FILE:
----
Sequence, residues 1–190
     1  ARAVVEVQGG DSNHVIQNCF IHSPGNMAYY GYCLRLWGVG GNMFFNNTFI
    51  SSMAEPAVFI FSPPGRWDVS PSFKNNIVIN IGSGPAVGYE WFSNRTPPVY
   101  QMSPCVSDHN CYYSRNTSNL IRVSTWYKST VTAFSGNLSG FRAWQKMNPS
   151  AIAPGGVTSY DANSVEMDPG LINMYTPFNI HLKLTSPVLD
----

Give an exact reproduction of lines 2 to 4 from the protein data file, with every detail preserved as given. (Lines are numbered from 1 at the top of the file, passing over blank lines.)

     1  ARAVVEVQGG DSNHVIQNCF IHSPGNMAYY GYCLRLWGVG GNMFFNNTFI
    51  SSMAEPAVFI FSPPGRWDVS PSFKNNIVIN IGSGPAVGYE WFSNRTPPVY
   101  QMSPCVSDHN CYYSRNTSNL IRVSTWYKST VTAFSGNLSG FRAWQKMNPS